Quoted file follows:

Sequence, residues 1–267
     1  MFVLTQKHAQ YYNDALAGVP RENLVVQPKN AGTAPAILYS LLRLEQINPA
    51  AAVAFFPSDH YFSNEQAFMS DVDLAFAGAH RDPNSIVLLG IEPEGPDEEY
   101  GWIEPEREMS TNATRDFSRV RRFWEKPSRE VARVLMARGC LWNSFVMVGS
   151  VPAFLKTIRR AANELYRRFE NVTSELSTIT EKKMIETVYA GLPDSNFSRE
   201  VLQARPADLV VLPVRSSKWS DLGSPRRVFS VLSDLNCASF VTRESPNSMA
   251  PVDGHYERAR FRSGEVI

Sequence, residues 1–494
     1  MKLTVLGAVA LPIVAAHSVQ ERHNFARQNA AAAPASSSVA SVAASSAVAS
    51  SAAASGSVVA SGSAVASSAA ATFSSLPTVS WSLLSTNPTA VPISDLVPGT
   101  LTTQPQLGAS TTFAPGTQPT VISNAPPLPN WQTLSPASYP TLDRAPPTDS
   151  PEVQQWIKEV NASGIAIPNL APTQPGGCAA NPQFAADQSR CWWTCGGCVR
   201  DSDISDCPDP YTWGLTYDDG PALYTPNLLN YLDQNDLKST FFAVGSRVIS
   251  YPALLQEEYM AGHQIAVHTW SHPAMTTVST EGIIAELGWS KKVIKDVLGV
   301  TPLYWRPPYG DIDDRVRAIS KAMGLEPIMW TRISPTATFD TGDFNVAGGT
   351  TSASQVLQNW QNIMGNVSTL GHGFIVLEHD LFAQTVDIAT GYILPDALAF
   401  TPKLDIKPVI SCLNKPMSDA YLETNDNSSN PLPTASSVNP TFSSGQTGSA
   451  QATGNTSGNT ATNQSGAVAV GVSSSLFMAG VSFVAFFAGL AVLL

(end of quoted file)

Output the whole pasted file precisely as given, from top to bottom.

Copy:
Sequence, residues 1–267
     1  MFVLTQKHAQ YYNDALAGVP RENLVVQPKN AGTAPAILYS LLRLEQINPA
    51  AAVAFFPSDH YFSNEQAFMS DVDLAFAGAH RDPNSIVLLG IEPEGPDEEY
   101  GWIEPEREMS TNATRDFSRV RRFWEKPSRE VARVLMARGC LWNSFVMVGS
   151  VPAFLKTIRR AANELYRRFE NVTSELSTIT EKKMIETVYA GLPDSNFSRE
   201  VLQARPADLV VLPVRSSKWS DLGSPRRVFS VLSDLNCASF VTRESPNSMA
   251  PVDGHYERAR FRSGEVI

Sequence, residues 1–494
     1  MKLTVLGAVA LPIVAAHSVQ ERHNFARQNA AAAPASSSVA SVAASSAVAS
    51  SAAASGSVVA SGSAVASSAA ATFSSLPTVS WSLLSTNPTA VPISDLVPGT
   101  LTTQPQLGAS TTFAPGTQPT VISNAPPLPN WQTLSPASYP TLDRAPPTDS
   151  PEVQQWIKEV NASGIAIPNL APTQPGGCAA NPQFAADQSR CWWTCGGCVR
   201  DSDISDCPDP YTWGLTYDDG PALYTPNLLN YLDQNDLKST FFAVGSRVIS
   251  YPALLQEEYM AGHQIAVHTW SHPAMTTVST EGIIAELGWS KKVIKDVLGV
   301  TPLYWRPPYG DIDDRVRAIS KAMGLEPIMW TRISPTATFD TGDFNVAGGT
   351  TSASQVLQNW QNIMGNVSTL GHGFIVLEHD LFAQTVDIAT GYILPDALAF
   401  TPKLDIKPVI SCLNKPMSDA YLETNDNSSN PLPTASSVNP TFSSGQTGSA
   451  QATGNTSGNT ATNQSGAVAV GVSSSLFMAG VSFVAFFAGL AVLL